One of the problems about discussing an Ideal Transformer (and any other 'ideal model' in Physics) is that it can give you unbelievable and counter-intuitive results. Frictionless bicycles will not work either. The idea of a 'good' transformer involves infinite (very high) primary inductance. See what happens if you try to wind a mains transformer with the right ratio but only 50 turns in the primary. If the secondary is unladed, no current can flow and it will have no effect on the primary current. Loading (resistive) the secondary will only have the effect of increasing primary current. It is instructive to look at the 'equivalent circuit' of a real transformer (see this wiki link, half way down). The circuit behaves like an 'ideal' transformer, buried inside a whole host of other effective components that account for the shortcomings.
That means that the applied voltage and the back-emf actually cancel each other out. Right? I am sorry, but I seem unable to grasp the effect of infinite inductance. Does this mean that in an ideal transformer, magnetic flux can be produced from zero current? If so, that seems to explain it a bit. And, in no-load state the current in the primary is zero. Also, I did see the equivalent circuit for a real-transformer, and it was while trying to understand, I felt I needed to know the ideal one first.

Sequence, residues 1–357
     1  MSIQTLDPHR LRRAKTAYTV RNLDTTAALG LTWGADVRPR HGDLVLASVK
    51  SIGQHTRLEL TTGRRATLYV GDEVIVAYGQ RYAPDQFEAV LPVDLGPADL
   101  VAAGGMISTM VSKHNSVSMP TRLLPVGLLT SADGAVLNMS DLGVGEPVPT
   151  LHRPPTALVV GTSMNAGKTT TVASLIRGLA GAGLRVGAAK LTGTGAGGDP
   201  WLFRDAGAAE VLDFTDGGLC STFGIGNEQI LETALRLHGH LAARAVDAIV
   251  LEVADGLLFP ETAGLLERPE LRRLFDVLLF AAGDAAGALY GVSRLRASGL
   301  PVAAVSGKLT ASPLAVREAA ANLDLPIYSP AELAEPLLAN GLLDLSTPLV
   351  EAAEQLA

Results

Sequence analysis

This is a very good suggestion which is valid not only for transformers, but also any other real circuit element.
Could you be allowing confusion between cause and effect to get n the way of accepting this? There is an analogy between Inductance and Mass. A floating oil tanker will produce (effectively) the same reaction force against a human, pushing it from the quay as a solid lump of concrete, fixed to the quay. A very high inductance will react against any change in current. The back emf is L dI/dt and the mechanical reaction force is ma. In the limiting cases, there is neither current change nor acceleration.
There is no "applied voltage." The voltage across an inductance is the sum of the drop across the inductor loss, which is in phase with the current, and the back emf, which is out of phase.
I can see you are trying to make a valid point here but, when you connect a voltage source to a transformer, there is 'an applied voltage', in the accepted sense of the expression. As with many of these kinds of threads, there is not enough use made of actual diagrams and Maths in the discussion. It's too easy for people to be talking at cross purposes without them.